EPICTETUS. FRAGMENTS. 46.IN my Father, I observed his meekness; his constancy without wavering in those things, which after a due examination and deliberation, he had determined. How free from all vanity he carried himself in matter of honour and dignity, (as they are esteemed ) his laboriousness, and assiduity, his readiness to hear any man, that had aught to say, tending to any common good: how generally and impartially he would give every man his due; his skill and knowledge, when rigour or extremity, or when remissness or moderation was in season.
MARCUS AURELIUS. MEDITATIONS. Book i. 13.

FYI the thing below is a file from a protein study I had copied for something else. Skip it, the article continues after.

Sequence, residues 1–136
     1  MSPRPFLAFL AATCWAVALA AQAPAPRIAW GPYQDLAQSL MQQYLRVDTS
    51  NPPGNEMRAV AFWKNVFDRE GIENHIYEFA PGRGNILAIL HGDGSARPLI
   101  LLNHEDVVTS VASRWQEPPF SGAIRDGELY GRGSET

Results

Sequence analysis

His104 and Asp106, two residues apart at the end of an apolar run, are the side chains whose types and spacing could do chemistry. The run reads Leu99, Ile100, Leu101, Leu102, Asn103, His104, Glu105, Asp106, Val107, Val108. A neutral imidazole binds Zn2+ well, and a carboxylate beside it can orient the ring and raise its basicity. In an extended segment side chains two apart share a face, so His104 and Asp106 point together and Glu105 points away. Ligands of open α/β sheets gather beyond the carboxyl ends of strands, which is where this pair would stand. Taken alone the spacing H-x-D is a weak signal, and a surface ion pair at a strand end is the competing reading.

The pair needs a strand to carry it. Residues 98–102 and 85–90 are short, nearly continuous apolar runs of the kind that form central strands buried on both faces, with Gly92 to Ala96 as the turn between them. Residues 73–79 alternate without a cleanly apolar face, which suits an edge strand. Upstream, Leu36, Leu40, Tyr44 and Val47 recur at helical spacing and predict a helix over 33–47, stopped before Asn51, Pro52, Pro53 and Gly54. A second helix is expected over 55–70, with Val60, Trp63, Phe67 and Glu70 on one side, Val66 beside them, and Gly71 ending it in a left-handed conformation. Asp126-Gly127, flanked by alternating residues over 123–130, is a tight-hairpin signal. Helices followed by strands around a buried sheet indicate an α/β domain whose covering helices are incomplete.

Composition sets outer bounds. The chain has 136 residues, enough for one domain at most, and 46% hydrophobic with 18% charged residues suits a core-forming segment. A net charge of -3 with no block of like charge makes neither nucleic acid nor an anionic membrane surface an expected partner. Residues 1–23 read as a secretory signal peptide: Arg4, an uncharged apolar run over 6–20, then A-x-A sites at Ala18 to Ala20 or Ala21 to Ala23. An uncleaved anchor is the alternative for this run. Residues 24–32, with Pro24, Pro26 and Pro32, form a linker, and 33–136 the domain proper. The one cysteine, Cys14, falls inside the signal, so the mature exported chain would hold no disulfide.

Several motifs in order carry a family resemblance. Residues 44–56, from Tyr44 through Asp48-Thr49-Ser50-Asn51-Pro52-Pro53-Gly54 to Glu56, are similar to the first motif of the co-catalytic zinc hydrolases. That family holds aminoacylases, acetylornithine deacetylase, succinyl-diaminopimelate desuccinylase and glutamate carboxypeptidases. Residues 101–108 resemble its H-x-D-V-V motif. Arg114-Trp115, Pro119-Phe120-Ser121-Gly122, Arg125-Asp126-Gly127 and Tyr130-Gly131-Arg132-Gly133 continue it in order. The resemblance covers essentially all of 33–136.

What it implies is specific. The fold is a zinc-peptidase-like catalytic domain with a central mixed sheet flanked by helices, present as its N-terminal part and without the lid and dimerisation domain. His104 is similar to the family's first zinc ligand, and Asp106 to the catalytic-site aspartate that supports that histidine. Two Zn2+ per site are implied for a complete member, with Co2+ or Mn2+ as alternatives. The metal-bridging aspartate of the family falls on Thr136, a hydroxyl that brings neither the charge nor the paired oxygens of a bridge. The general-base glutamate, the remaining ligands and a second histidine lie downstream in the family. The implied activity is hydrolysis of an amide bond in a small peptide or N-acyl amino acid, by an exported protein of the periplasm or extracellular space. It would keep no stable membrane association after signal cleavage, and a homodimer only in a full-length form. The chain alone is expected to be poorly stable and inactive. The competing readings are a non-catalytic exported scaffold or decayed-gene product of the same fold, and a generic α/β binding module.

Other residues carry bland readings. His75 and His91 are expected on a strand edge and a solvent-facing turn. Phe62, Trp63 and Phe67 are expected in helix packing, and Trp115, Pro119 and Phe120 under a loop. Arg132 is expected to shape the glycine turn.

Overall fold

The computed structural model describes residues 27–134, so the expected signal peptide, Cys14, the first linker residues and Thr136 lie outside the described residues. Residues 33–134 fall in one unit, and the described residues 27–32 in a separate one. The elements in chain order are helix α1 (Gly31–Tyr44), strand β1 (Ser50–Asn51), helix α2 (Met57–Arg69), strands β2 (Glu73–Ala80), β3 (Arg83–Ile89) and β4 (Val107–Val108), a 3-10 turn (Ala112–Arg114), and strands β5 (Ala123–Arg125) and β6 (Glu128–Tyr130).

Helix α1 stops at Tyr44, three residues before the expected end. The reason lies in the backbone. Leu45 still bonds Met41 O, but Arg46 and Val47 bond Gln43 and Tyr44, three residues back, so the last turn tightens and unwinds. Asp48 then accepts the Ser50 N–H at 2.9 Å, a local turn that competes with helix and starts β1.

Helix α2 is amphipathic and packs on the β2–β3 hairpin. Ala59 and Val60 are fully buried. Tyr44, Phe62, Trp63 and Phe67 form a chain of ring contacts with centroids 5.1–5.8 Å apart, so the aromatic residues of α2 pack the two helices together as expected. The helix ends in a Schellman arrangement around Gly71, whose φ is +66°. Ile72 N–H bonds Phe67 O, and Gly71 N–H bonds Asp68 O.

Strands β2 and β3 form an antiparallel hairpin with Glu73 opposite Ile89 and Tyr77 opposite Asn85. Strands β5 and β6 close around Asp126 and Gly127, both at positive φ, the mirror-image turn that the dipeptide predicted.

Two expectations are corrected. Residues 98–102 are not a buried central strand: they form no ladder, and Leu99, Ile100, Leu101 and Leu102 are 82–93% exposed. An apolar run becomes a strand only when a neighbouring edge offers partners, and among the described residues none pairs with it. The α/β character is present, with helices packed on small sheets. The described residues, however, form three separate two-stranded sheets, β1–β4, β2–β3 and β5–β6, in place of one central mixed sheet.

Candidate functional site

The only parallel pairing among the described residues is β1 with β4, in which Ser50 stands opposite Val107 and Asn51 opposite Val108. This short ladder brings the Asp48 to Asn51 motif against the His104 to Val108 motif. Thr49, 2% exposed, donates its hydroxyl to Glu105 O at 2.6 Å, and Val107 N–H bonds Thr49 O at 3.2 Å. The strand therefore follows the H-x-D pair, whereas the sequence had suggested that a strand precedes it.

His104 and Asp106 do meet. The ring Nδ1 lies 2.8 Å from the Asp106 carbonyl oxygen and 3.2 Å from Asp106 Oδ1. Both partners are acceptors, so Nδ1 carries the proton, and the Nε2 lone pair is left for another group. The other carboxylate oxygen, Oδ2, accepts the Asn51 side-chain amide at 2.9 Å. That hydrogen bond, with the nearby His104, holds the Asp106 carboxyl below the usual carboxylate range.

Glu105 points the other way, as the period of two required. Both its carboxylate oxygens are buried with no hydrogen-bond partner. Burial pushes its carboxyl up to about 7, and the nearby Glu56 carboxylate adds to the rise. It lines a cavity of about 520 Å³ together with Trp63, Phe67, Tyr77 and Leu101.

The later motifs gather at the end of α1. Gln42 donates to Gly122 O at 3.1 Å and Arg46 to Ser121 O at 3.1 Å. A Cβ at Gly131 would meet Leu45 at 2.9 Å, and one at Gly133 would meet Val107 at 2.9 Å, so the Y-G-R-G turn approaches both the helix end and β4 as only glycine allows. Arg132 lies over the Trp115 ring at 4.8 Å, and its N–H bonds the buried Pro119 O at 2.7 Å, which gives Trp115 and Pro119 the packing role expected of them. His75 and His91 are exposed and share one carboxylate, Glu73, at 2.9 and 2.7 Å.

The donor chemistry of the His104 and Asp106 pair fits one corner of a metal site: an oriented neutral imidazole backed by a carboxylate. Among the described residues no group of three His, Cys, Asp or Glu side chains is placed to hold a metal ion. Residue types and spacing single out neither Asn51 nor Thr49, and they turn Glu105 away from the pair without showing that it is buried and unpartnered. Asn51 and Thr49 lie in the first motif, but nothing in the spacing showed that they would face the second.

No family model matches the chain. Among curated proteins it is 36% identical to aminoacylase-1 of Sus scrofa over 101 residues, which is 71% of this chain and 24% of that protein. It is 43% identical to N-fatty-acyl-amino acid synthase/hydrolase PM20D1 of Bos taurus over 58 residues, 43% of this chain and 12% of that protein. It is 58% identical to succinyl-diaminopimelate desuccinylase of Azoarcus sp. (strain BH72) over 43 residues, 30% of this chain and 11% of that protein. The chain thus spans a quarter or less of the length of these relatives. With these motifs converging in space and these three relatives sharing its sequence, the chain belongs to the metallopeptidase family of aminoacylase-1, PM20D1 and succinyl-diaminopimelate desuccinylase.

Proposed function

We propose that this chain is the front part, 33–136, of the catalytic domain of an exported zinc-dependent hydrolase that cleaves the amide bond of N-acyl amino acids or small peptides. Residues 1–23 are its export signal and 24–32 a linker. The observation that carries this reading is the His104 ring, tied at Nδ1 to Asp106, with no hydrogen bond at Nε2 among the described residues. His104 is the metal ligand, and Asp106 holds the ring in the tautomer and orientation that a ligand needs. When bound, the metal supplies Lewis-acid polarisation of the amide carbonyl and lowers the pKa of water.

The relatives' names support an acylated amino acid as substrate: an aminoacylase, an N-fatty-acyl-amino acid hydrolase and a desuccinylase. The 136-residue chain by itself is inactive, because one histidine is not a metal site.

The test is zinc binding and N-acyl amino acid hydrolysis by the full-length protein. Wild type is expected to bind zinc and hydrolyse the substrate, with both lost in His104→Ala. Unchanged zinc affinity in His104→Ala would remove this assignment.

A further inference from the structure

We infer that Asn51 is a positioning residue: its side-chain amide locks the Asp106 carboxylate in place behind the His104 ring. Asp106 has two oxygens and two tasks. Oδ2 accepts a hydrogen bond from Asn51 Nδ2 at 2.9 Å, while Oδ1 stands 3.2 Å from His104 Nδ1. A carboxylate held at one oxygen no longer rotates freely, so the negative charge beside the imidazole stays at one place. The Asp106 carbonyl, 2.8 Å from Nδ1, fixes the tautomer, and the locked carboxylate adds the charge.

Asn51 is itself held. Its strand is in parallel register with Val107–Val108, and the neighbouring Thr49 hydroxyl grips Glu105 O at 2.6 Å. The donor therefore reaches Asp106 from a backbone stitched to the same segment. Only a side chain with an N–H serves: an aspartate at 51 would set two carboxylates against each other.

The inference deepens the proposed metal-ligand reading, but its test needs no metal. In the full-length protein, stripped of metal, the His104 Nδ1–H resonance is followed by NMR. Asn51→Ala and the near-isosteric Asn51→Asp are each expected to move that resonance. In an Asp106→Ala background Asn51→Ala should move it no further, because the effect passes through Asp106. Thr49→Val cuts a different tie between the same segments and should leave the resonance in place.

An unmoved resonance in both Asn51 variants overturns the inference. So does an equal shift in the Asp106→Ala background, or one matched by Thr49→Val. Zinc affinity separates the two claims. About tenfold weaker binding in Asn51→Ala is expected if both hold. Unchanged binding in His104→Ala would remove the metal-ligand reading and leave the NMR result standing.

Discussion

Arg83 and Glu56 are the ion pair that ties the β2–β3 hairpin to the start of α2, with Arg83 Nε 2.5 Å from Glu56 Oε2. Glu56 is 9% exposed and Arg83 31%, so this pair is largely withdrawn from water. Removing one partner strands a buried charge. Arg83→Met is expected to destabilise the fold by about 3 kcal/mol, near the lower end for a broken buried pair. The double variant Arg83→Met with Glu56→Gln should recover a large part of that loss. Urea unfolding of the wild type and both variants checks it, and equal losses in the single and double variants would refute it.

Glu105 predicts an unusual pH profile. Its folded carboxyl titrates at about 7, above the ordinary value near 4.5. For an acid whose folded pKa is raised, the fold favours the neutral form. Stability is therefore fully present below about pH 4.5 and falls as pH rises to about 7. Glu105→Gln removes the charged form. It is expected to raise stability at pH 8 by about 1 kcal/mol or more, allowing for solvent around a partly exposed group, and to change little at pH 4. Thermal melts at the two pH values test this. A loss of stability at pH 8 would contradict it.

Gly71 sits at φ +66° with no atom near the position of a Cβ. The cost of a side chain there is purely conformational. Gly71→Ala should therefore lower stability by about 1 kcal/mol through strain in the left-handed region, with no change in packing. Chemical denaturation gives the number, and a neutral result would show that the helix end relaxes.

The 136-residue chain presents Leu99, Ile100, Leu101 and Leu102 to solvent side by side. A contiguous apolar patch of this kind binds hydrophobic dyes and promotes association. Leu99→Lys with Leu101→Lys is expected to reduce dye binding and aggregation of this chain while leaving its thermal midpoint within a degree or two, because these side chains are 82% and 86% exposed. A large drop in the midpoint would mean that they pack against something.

To live as gently as I can;ReplyDelete
To be, no matter where, a man;
To take what comes of good or ill
And cling to faith and honor still;
To do my best, and let that stand
The record of my brain and hand;
And then, should failure come to me,
Still work and hope for victory.
To have no secret place wherein
I stoop unseen to shame or sin;
To be the same when I'm alone
As when my every deed is known;
To live undaunted, unafraid
Of any step that I have made;
To be without pretense or sham
Exactly what men think I am.
From My Creed - Edgar Albert Guest